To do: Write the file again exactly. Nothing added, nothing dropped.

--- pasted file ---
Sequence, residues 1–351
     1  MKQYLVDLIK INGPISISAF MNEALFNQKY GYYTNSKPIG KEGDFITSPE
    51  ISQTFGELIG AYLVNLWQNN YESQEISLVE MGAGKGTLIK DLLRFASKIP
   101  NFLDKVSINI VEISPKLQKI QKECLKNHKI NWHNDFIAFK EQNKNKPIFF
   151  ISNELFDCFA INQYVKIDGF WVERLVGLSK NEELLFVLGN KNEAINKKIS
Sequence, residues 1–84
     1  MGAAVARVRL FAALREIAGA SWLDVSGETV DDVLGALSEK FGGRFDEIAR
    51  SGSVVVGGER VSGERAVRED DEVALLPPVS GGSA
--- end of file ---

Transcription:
Sequence, residues 1–351
     1  MKQYLVDLIK INGPISISAF MNEALFNQKY GYYTNSKPIG KEGDFITSPE
    51  ISQTFGELIG AYLVNLWQNN YESQEISLVE MGAGKGTLIK DLLRFASKIP
   101  NFLDKVSINI VEISPKLQKI QKECLKNHKI NWHNDFIAFK EQNKNKPIFF
   151  ISNELFDCFA INQYVKIDGF WVERLVGLSK NEELLFVLGN KNEAINKKIS
Sequence, residues 1–84
     1  MGAAVARVRL FAALREIAGA SWLDVSGETV DDVLGALSEK FGGRFDEIAR
    51  SGSVVVGGER VSGERAVRED DEVALLPPVS GGSA